Sci. Signal., 9 October 2012
Docking with the Right PartnerThe mitogen-activated protein kinases (MAPKs) participate in diverse biological processes, such as inflammation and cellular proliferation, and can be divided into the c-Jun N-terminal kinase (JNK), p38, and extracellular signal–regulated kinase (ERK) families. Potential binding partners have short linear "docking" motifs (7 to 17 amino acids) with a loosely defined consensus sequence, and these motifs associate with docking grooves in MAPKs. The docking grooves in the different MAPK families are quite similar in sequence. Garai et al. uncovered the structural features of the docking motifs that enable MAPKs to discriminate between potential binding partners. They used this information to manipulate the specificity of peptides corresponding to docking motifs found in MAPK binding partners—for example, a JNK1-specific peptide was altered so that it also bound to p38α and ERK2. Furthermore, they designed artificial peptides with engineered specificities to a particular MAPK or set of MAPKs. These results provide insight into how MAPKs differentiate between seemingly similar binding partners and could be used to disrupt a specific MAPK binding partner interaction in a targeted fashion.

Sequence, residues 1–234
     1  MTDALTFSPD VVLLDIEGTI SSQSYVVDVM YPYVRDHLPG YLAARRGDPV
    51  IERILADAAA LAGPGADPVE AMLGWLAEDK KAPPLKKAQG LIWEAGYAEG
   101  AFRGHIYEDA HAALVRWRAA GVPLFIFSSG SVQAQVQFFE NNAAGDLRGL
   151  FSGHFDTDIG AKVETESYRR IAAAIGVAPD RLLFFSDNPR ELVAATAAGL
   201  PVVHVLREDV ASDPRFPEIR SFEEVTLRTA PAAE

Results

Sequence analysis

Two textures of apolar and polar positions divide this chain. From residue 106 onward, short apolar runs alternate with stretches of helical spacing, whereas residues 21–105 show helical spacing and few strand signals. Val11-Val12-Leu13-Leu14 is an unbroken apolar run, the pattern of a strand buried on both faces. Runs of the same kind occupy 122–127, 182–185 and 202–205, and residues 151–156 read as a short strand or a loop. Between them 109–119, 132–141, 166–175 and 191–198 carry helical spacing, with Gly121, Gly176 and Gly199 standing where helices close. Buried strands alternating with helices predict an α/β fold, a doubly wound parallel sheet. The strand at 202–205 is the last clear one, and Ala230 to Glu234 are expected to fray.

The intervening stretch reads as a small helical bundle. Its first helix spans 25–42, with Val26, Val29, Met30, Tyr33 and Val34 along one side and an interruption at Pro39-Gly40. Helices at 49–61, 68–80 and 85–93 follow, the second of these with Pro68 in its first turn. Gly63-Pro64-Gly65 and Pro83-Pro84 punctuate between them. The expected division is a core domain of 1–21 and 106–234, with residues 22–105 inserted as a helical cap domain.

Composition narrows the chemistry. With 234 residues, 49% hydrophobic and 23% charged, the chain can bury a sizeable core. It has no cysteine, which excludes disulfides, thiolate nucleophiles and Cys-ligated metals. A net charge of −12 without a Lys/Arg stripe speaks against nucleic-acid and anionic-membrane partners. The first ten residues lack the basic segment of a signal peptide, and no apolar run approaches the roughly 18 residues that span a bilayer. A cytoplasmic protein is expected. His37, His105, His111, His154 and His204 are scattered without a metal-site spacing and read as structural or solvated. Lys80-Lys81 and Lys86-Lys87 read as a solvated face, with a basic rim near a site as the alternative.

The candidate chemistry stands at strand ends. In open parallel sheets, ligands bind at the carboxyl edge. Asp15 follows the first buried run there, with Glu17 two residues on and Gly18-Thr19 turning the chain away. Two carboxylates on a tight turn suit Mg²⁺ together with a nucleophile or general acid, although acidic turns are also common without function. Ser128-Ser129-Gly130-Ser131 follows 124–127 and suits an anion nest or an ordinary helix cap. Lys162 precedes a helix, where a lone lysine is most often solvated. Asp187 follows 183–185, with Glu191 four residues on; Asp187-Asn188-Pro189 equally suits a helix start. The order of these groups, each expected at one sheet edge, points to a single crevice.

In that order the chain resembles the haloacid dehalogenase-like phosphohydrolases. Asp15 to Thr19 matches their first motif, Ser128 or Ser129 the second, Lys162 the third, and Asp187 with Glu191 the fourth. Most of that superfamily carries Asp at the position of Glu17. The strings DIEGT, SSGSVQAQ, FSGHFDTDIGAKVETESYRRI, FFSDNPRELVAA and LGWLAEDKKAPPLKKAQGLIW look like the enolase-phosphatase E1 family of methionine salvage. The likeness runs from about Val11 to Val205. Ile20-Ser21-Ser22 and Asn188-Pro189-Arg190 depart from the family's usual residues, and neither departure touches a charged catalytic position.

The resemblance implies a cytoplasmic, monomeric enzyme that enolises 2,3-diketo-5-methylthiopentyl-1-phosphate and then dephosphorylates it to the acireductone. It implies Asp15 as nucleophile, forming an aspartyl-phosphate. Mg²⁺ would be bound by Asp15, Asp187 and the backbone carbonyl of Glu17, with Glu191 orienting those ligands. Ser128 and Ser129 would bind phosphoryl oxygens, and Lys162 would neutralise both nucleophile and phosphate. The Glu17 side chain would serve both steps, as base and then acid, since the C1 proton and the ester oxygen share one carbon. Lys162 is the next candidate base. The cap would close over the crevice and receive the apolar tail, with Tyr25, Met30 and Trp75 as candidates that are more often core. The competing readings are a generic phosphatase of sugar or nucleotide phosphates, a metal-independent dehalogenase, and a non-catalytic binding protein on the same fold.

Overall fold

Citation: Á. Garai, A. Zeke, G. Gógl, I. Töro, F. Fördos, H. Blankenburg, T. Bárkai, J. Varga, A. Alexa, D. Emig, M. Albrecht, A. Reményi, Specificity of Linear Motifs That Bind to a Common Mitogen-Activated Protein Kinase Docking Groove. Sci. Signal. 5, ra74 (2012).
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